Second, once you are in a major depression and start to take an SSRI like Prozac, you may start to feel a better in 6 months but at that point only half the job is done - you still need to rebuild resilience, both psychologically and in terms of neurochemistry. This typically takes at least a year, sometimes more. Discontinuing the medication at 6 months leaves you vulnerable to relapse. If you can remain on the medication for one and a half to two years, your risk of relapse (suffering another major depression in the future) is significantly reduced.

  6. #6

    Are My Meds Working?

    My sister and sister in law both say that Prozac is meant to be short term. Six months, your serotonin levels are back to normal, you come off the Prozac. Any weepiness/ emotional flaws after that time, and these are down to my 'true' personality, they said. Not depression. Their doctors told them this.
    No. None of that is true.

    First, medications like Prozac are not intended to stop you from feeling anything - that would not be helpful at all in the long run - you are grieving the loss of a dream if not the relationship as well as struggling with coming to terms with abuse and trauma.

    Second, once you are in a major depression and start to take an SSRI like Prozac, you may start to feel a better in 6 months but at that point only half the job is done - you still need to rebuild resilience, both psychologically and in terms of neurochemistry. This typically takes at least a year, sometimes more. Discontinuing the medication at 6 months leaves you vulnerable to relapse. If you can remain on the medication for one and a half to two years, your risk of relapse (suffering another major depression in the future) is significantly reduced.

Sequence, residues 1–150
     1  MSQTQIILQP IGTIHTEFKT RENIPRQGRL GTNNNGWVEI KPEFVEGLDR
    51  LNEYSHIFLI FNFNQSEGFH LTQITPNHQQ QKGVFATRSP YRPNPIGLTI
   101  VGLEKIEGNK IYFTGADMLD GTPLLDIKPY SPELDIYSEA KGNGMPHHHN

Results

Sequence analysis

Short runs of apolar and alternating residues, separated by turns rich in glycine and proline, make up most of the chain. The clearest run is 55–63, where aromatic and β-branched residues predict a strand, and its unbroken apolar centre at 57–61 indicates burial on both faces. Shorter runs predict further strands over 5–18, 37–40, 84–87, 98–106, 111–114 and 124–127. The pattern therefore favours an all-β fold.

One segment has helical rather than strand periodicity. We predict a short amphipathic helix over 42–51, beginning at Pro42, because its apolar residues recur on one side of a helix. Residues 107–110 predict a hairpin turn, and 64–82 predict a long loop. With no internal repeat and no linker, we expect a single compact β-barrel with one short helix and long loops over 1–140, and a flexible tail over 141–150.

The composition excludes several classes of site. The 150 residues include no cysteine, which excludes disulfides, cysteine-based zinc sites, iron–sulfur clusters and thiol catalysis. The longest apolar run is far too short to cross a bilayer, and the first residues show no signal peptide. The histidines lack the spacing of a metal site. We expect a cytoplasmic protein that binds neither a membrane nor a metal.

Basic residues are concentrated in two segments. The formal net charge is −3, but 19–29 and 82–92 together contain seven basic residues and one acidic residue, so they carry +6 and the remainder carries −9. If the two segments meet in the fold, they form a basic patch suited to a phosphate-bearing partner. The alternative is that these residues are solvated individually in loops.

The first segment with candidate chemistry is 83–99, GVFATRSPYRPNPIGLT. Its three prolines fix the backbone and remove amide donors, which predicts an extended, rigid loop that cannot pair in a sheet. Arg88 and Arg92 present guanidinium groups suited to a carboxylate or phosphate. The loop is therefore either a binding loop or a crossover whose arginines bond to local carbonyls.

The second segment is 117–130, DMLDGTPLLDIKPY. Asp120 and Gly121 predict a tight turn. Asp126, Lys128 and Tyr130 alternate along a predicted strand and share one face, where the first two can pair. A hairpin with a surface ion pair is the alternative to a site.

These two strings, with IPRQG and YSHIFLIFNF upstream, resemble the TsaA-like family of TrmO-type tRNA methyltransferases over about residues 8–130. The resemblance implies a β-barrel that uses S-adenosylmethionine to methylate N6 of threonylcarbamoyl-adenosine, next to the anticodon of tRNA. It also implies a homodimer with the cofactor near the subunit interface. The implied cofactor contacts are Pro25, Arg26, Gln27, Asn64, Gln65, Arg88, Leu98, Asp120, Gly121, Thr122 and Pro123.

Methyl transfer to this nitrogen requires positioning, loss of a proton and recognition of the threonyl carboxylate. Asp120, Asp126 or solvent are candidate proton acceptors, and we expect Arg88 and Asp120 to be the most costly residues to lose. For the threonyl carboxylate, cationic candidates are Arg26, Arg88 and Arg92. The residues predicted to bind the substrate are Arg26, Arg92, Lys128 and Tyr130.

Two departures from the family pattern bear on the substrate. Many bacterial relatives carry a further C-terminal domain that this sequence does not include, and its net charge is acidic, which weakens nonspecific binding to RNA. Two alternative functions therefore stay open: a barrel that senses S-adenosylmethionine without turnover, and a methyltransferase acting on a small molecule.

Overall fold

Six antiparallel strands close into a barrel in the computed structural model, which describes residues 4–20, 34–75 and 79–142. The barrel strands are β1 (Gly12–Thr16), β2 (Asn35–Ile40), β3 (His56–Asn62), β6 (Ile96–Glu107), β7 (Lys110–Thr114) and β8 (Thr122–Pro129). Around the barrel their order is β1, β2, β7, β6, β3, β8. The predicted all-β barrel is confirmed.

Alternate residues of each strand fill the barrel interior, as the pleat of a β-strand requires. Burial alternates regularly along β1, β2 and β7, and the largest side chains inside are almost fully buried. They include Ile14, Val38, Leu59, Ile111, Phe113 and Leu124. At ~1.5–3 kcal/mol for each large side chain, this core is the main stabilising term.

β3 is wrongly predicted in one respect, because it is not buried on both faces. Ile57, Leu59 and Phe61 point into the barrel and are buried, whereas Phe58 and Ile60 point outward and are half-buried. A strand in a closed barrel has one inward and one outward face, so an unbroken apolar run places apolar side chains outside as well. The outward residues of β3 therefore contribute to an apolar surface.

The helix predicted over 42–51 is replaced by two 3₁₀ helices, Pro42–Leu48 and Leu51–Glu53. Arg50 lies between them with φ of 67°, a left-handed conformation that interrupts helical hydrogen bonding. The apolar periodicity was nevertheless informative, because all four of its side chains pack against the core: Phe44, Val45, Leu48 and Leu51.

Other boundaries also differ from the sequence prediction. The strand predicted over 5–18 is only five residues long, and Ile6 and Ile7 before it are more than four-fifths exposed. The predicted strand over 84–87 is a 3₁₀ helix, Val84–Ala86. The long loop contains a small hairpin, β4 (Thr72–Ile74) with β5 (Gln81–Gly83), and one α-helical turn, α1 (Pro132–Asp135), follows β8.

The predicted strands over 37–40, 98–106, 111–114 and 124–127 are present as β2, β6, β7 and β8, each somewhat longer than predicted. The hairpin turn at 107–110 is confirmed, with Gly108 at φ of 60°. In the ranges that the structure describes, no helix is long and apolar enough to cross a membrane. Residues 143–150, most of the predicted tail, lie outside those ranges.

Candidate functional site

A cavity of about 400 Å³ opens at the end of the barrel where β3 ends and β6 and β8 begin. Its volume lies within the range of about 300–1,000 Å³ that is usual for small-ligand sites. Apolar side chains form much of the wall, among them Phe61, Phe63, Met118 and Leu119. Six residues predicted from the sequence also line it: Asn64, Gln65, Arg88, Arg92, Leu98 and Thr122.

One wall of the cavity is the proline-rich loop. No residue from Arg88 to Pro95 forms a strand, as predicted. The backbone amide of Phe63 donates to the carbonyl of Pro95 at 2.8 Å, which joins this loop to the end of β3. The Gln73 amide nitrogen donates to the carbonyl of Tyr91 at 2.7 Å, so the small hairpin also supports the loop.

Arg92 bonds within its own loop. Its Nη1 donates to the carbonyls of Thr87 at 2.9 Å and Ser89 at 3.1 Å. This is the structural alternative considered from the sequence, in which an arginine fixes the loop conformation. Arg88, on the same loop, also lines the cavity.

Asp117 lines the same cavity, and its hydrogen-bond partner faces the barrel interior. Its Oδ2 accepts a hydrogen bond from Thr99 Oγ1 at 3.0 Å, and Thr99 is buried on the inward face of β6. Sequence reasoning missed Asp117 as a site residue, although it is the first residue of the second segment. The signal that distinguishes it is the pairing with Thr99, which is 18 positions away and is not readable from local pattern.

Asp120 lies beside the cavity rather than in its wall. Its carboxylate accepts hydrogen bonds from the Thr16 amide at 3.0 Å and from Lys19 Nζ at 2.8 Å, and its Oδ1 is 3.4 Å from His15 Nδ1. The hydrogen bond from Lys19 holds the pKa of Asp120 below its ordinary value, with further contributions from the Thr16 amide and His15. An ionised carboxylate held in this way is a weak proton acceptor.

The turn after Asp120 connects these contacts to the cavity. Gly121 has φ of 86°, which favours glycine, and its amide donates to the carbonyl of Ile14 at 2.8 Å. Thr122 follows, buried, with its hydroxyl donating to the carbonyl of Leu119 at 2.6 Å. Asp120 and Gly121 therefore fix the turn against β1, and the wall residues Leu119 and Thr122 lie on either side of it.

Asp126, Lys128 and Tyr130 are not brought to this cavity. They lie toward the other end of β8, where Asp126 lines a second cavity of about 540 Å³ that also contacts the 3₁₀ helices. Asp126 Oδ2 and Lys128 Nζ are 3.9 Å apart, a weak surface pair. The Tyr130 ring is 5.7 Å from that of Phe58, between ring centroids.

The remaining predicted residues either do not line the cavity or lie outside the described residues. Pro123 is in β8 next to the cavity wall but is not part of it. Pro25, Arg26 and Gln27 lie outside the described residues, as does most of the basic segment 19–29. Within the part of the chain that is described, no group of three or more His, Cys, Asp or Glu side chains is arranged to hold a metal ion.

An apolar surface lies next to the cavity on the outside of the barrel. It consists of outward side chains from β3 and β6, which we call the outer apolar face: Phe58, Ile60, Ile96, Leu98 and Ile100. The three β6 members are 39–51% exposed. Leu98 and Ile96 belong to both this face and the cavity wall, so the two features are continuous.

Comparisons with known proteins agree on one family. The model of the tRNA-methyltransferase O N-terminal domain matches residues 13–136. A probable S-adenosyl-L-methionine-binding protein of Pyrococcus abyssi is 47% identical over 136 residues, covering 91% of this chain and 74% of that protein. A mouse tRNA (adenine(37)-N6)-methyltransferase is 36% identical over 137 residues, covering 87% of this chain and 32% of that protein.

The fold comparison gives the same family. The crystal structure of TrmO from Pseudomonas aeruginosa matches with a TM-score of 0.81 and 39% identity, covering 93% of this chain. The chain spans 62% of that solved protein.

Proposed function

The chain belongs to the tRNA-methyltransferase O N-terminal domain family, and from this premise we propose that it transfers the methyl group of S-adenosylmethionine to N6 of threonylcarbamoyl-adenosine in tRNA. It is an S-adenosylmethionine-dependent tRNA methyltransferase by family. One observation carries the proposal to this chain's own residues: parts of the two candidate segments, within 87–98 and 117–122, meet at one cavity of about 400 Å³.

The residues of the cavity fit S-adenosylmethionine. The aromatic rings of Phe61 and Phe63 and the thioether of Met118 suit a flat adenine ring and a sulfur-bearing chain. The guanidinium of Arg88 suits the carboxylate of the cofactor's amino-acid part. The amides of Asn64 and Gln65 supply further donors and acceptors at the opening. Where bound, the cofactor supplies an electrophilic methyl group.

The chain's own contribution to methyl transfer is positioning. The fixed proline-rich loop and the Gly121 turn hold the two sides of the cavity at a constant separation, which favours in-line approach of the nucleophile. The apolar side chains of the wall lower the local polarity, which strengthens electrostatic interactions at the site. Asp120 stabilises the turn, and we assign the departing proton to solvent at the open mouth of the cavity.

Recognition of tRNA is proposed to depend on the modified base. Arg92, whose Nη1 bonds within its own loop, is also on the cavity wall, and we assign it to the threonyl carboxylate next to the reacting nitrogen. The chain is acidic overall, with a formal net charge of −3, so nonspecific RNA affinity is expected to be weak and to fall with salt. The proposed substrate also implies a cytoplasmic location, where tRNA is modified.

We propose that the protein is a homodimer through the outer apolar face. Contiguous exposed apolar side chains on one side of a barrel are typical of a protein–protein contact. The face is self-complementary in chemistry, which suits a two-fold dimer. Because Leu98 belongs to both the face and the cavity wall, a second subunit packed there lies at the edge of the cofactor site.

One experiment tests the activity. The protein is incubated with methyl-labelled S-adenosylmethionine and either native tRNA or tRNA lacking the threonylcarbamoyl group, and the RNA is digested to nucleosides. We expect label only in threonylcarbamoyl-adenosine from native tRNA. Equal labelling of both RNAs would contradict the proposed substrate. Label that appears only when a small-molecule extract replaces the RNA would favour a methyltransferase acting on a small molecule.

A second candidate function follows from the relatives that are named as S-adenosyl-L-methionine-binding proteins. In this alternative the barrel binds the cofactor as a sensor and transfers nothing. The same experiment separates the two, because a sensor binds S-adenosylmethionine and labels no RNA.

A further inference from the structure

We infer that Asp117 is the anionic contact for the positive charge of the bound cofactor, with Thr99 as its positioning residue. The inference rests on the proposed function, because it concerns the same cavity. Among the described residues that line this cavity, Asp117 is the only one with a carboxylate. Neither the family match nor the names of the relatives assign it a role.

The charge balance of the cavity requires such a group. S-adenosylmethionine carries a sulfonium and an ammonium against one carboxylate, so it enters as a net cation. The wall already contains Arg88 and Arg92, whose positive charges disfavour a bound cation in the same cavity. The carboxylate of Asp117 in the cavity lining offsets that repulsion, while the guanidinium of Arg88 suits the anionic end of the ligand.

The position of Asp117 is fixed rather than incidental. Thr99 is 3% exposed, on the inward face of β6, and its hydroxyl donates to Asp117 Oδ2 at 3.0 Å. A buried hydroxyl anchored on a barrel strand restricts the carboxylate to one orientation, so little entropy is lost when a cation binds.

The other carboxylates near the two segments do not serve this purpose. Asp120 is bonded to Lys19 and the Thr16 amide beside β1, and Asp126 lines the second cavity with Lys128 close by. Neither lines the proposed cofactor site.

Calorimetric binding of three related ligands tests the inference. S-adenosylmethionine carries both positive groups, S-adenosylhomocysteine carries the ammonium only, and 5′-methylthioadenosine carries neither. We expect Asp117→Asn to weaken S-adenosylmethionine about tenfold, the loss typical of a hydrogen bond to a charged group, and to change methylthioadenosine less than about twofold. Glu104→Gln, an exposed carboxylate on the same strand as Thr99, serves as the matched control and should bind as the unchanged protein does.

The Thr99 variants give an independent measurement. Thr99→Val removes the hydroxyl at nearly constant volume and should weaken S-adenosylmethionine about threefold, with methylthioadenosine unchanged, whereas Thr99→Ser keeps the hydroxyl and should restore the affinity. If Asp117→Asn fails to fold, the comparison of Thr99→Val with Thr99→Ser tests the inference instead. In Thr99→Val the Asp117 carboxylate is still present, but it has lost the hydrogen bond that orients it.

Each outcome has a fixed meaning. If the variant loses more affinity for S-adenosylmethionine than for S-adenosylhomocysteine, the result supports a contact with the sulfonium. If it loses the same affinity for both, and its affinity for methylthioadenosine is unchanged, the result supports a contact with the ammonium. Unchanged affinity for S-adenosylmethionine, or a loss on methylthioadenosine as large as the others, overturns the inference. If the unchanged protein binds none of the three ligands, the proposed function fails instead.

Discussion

7. Are My Meds Working?

    Thank you both, so much, for replying. I don't take any other medicines, except paracetamol for headaches. I did try 40mg fluoxetine daily for two weeks, but I was still weepy, and very tired, so I cut back to 20mg a day, again. I am not sure exactly what Prozac is meant to do, apart from help the brain to optimize use of poor serotonin levels (I read some of the posts :o) So I am not sure what results to expect, except I was hoping to avoid all suffering. Lol. Just joking.
    I have been able to process my thoughts quite well, I think, with my counsellor. I believe you are right, David, that the death of the dream probably causes me more pain than the loss of the person. Trouble is, he wasn't always horrible, so I keep thinking maybe it's all my fault. Maybe I simply misunderstood him. That's when I take the nosedive, and the crying begins. Actually, my husband once mugged somebody, so he is capable of real anti-social and selfish behaviour. But he hid it under such a charming exterior that my memory sometimes only remembers the nice guy; then I think I've really lost something worth having and I cry. Is this a normal reaction, do you think? I have found some really uplifting moments in the posts here, and I know that I could never take him back. Nor do I like him. I know that forwards is the only way for me now. So why can't I go?